Appeal from an order of the Supreme Court, Erie County (Patrick H. NeMoyer, J.), entered September 5, 2008 in a personal injury action. The order, inter alia, granted that part of the motion of plaintiffs to compel defendants Max Co., Ltd. and Max USA Corp. to respond to specified interrogatories.
PRESENT: HURLBUTT, J.P., SMITH, CENTRA, PINE, AND GORSKI, JJ.
It is hereby ORDERED that the order so appealed from is unanimously modified on the law by granting that part of the motion for a protective order limiting disclosure of the information and documents with respect to the design, manufacture, testing, and inspection processes in interrogatory Nos. 3(a), 4(c), and 18 to the extent specified by Supreme Court, Erie County, to the parties, their attorneys, and their retained experts and as modified the order is affirmed without costs.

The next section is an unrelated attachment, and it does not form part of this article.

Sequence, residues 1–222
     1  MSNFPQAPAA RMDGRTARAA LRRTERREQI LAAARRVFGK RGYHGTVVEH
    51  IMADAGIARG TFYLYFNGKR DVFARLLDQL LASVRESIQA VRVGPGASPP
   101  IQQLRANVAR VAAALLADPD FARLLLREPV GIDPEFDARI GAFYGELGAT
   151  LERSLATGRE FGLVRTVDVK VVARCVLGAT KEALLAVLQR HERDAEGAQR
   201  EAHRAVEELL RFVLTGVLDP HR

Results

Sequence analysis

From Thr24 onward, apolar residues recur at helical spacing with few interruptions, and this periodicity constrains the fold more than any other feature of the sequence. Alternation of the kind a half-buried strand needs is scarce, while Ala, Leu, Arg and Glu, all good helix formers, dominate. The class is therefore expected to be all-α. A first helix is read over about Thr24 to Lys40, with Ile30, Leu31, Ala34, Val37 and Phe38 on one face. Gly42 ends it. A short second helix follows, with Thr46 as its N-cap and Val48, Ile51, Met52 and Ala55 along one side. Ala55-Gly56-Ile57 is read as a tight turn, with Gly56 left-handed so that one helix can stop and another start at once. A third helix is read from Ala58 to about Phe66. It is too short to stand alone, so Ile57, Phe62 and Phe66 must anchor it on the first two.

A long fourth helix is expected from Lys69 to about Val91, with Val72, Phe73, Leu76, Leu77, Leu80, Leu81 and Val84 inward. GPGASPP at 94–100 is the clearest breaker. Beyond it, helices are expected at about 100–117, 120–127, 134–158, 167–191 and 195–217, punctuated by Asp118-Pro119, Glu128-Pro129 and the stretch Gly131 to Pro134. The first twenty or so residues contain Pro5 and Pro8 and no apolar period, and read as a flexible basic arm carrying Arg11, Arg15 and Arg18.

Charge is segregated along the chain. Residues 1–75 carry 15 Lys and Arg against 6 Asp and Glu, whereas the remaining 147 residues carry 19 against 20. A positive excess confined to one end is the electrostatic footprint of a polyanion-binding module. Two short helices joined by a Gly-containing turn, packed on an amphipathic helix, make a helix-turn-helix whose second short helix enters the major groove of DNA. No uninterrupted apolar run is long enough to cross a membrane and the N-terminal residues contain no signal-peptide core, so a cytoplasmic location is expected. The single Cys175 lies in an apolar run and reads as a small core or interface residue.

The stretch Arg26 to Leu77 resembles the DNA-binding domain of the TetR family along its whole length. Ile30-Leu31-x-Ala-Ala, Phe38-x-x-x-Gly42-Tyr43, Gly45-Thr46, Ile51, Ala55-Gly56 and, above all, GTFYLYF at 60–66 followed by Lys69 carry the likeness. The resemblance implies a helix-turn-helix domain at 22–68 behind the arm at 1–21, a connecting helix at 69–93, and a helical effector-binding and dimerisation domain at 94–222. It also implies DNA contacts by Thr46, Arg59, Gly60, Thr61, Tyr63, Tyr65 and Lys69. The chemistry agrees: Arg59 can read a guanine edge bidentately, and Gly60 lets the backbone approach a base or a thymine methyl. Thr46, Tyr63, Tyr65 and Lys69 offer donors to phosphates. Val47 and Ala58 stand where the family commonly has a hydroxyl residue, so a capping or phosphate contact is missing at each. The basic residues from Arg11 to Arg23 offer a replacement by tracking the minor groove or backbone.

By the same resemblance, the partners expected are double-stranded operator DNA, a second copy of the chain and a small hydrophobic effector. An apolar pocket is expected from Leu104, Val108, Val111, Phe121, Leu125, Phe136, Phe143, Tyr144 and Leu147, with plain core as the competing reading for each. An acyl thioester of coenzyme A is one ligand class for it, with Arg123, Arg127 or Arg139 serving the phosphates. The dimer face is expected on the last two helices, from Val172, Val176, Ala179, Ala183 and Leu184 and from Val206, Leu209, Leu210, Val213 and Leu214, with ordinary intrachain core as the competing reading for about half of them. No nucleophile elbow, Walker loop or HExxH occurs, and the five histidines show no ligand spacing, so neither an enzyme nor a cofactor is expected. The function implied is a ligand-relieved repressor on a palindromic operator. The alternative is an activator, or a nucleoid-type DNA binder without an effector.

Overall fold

Memorandum: Plaintiffs commenced this action to recover damages for injuries sustained by plaintiff Charles Terwilliger when he was struck by a nail discharged from a pneumatic nail gun. Max Co., Ltd. and Max USA Corp. (defendants), the nail gun's manufacturer and distributor, respectively, contend that Supreme Court erred in granting that part of plaintiffs' motion insofar as it sought to compel defendants to respond to specified interrogatories and in denying in part their motion for a protective order with respect to the relief sought by plaintiffs against them. We agree with defendants that the information and documents sought by plaintiffs with respect to the design, manufacture, testing, and inspection processes in interrogatory Nos. 3(a), 4(c), and 18 were trade secrets and thus that the court erred in directing defendants to respond to those interrogatories to the extent specified in its decision. The affidavit of the international division manager of Max Co., Ltd. established that the information and documents sought therein concerning the nail gun in question were not known by those outside the business, were kept under lock and key, were the product of substantial effort and expense, and could not easily be acquired or duplicated (see generally Ashland Mgt. v Janien, 82 NY2d 395, 407). Nevertheless, we conclude that plaintiffs established that the information and documents sought in those interrogatories, to the extent specified in the court's decision, were indispensable to their case and were otherwise unavailable if they could not be obtained from defendants (see Mann v Cooper Tire Co., 33 AD3d 24, 30-31, lv denied 7 NY3d 718, 8 NY3d 956; Hodgson, Russ, Andrews, Woods & Goodyear v Isolatek Intl. Corp., 300 AD2d 1047, 1048). We thus conclude that the court should have further granted defendants' motion insofar as it sought a protective order limiting disclosure of the information and documents with respect to the design, manufacture, testing, and inspection processes in interrogatory Nos. 3(a), 4(c), and 18 to the extent specified by the court to the parties, their attorneys, and their retained experts, and we therefore modify the order accordingly. Such limited disclosure is necessary to protect the confidentiality of defendants' proprietary information, and plaintiffs have not shown any need for further dissemination of the information and documents in question (see Whalen v Kawasaki Motors Corp., 175 AD2d 667, 669; cf. Mann, 33 AD3d at 36). We note that any further dispute concerning defendants' designation of materials as trade secrets requiring confidentiality shall be decided by Supreme Court.